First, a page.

This Attribute Bonus is then taken as a percentage of the Skill score and added to the Skill score
in order to determine the Character’s chance of success. This system means that the Character’s
Attributes always contribute the same amount to the Skills of the Character. It also means that
the Character will gain a modifier to their chance of success in a Skill of between minus 30% and
plus 70%, with the average person having a modifier of 0%.
Example: A Character had a Sleight of Hand skill of 34. They have an incredible Agility
(Bracket 5) so their Attribute Bonus is 50%. This means that 50% of 34 is added to his score,
making his normal chance with this level of skill 34+17=51%.

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There are circumstances, however, when the Attribute Bonus is inappropriate as a modifier to the
Skill score. If, for example, the Skill sneaking were used in the situation where the Character was
in darkness but had seen the room a moment ago then memory, or rather Mind Power, becomes
more important than Agility.
It is therefore important to keep in mind that the Attribute Bonus system is just a simple system
for allowing Attribute scores to modify Skill chances. There is no reason why the Game Master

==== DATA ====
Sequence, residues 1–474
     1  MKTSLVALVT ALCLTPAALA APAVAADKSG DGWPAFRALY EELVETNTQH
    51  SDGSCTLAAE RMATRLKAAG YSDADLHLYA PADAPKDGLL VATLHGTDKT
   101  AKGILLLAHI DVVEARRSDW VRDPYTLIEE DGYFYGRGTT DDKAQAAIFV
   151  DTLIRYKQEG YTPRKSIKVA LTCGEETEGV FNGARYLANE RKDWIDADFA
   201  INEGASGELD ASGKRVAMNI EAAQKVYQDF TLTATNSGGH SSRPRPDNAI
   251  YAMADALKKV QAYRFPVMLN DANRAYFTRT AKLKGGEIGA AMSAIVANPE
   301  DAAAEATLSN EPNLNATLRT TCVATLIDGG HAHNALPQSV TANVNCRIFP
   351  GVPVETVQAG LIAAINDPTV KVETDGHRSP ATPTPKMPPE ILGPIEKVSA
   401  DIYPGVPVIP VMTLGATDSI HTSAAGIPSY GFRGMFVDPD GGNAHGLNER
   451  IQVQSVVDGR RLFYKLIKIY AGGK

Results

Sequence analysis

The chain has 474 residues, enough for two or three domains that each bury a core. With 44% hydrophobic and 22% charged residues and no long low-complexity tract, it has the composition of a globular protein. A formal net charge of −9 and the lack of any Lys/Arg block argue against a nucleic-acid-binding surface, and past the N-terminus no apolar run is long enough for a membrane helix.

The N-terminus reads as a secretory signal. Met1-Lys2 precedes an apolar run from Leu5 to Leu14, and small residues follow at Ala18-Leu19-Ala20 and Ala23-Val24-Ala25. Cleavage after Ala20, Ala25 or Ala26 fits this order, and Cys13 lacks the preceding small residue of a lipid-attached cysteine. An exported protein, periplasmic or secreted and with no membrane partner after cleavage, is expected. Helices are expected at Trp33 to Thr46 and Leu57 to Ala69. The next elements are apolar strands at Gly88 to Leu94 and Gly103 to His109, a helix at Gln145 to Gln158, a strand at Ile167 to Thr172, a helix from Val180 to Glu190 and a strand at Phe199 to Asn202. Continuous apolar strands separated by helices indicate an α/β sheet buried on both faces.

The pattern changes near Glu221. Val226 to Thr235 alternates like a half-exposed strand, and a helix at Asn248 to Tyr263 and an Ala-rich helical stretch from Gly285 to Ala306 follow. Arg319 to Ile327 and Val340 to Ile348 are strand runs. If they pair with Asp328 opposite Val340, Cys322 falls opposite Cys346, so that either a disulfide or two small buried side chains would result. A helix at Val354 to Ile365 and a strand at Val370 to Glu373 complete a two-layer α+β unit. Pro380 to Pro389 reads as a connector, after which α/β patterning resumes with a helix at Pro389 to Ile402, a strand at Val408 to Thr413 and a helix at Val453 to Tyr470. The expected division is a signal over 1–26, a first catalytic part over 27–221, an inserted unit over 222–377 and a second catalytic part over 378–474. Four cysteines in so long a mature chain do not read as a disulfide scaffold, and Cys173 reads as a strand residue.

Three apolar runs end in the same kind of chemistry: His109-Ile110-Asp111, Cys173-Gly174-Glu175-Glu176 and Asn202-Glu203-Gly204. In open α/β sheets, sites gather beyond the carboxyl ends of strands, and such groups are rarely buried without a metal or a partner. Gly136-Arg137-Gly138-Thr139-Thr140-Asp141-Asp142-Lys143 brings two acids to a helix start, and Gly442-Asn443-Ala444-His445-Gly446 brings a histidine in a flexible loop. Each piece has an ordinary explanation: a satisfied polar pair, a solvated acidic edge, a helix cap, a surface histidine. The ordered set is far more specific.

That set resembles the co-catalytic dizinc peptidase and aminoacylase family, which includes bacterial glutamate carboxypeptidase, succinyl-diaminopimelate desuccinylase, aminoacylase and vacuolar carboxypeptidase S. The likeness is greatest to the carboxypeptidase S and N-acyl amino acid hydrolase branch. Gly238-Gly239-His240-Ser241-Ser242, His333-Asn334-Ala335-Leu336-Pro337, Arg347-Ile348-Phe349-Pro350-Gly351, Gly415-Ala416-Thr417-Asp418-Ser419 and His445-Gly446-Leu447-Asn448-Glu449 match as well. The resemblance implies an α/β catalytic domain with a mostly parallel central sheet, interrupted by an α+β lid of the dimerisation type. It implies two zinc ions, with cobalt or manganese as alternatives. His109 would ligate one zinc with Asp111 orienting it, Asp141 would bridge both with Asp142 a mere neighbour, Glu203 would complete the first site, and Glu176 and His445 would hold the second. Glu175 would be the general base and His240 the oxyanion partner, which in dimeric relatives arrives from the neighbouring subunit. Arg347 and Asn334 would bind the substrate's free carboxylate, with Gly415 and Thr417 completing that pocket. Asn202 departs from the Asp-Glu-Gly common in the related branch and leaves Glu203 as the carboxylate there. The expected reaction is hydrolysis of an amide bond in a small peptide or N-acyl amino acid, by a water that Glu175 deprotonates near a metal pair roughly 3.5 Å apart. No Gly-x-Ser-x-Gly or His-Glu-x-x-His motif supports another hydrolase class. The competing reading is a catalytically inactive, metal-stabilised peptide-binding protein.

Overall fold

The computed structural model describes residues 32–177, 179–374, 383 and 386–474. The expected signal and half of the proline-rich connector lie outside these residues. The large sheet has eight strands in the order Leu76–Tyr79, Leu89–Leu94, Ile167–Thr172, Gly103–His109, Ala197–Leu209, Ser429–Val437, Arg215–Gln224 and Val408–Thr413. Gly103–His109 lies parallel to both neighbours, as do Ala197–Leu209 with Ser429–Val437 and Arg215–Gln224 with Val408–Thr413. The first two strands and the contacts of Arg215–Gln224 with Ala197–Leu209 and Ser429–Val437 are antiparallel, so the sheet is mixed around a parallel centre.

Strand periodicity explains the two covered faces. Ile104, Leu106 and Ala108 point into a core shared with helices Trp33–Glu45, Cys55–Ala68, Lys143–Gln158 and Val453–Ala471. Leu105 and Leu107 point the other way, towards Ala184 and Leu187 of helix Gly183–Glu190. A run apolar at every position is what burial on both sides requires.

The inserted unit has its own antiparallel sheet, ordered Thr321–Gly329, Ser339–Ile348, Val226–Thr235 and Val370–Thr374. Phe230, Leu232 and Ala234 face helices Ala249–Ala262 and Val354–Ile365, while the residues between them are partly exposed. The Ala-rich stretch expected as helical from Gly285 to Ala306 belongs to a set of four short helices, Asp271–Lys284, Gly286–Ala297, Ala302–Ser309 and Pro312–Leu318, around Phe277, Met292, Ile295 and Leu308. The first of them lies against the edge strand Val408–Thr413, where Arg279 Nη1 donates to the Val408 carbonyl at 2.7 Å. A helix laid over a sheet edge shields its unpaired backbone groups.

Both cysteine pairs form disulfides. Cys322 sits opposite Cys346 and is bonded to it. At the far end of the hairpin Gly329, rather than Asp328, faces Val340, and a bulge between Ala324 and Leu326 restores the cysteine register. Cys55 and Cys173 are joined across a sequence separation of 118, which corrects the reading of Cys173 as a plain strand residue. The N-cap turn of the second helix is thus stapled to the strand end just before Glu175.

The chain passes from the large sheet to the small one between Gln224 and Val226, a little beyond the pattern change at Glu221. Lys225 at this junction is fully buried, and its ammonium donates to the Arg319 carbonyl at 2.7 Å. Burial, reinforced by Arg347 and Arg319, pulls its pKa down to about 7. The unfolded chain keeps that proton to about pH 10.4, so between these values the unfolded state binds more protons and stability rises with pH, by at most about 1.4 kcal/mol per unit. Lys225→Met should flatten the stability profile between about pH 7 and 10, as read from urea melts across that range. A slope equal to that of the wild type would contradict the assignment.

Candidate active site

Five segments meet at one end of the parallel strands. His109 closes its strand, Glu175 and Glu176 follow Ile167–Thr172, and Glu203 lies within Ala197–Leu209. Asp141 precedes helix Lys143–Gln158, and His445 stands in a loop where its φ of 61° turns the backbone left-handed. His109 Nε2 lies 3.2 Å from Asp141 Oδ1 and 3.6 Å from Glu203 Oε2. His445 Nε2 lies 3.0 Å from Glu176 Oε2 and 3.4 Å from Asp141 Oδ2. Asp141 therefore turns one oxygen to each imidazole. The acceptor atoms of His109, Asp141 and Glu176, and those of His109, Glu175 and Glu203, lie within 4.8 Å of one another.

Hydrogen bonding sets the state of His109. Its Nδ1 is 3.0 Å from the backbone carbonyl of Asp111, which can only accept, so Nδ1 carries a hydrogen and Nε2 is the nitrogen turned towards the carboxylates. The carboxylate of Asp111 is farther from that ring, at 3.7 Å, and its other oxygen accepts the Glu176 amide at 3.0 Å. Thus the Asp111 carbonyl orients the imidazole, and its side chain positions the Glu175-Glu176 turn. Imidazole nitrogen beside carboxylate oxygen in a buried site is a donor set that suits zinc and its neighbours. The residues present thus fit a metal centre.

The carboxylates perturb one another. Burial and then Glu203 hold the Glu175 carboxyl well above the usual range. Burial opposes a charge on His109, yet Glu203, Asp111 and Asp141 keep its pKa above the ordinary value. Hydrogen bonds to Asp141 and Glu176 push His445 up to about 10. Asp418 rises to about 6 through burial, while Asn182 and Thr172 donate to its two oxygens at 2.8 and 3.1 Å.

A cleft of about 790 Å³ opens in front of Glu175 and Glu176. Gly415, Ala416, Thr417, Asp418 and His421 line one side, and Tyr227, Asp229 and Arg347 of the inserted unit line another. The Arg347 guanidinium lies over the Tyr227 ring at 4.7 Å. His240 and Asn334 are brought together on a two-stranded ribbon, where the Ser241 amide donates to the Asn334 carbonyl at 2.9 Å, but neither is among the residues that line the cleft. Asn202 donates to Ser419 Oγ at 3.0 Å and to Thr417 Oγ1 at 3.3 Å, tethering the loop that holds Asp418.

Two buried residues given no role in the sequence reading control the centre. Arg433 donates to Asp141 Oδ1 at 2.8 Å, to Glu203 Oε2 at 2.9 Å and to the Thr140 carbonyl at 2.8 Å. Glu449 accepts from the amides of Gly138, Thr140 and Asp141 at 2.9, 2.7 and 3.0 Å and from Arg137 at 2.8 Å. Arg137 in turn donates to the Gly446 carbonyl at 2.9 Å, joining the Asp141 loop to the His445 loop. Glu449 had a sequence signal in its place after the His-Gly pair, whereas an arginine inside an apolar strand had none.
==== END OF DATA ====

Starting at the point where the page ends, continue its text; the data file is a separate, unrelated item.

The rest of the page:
cannot apply whatever modifiers they wish to the use of a Skill.

Situational Modifiers to Success Chances

As well as the more constant modifiers such as Attributes, the Character’s Success chance may
be modified by the situation. There are also many Modifiers that are specific to the particular
Skill and these are listed with the individual Skill descriptions in the Section entitled Skill
Descriptions and Modifiers (p 63).
It is not possible to list all environmental Modifiers for all skills. The only way to have these
modifiers applied is by using Game Master’s Discretion. For guidelines on Modifiers, consult the
Section entitled Optional Combat Modifiers (p 106). Once again, if all else fails, simply apply
whatever modifier seems appropriate.

How to Modify the Chance of Success

In Dark Fantasy we make a distinction between adding a value to a Chance of Success and adding
a Percentage. This was outlined in the Section entitled Addition and Subtraction of Numbers (p
16) but it is a very important concept to understand. If, for example, we had a Chance of Success
of 10% then if we added 10% to it, the chance would become 11% which is proportionally not
much of an increase. If, however, we add 10 to this Chance then it becomes 20% and this is
double the chance we had before.
The reason for the two systems is that sometimes the Modifier would have a blanket effect as it
bears no relation to the Character’s Skill. Other times, the amount the Skill is modified would
depend largely on the Skill level of the Character.

Minimum Chance of Success

There is a convention in Dark Fantasy that states that there is a minimum Chance of Success for
any event. That is, there is a chance of doing anything, no matter how remote. The system has
the following guidelines:
If a Character has a Chance after Modifiers of 0 or less then it is still possible to succeed. If, on
the first roll, the result is a 01 then 10 is added to the Chance of Success and another roll may be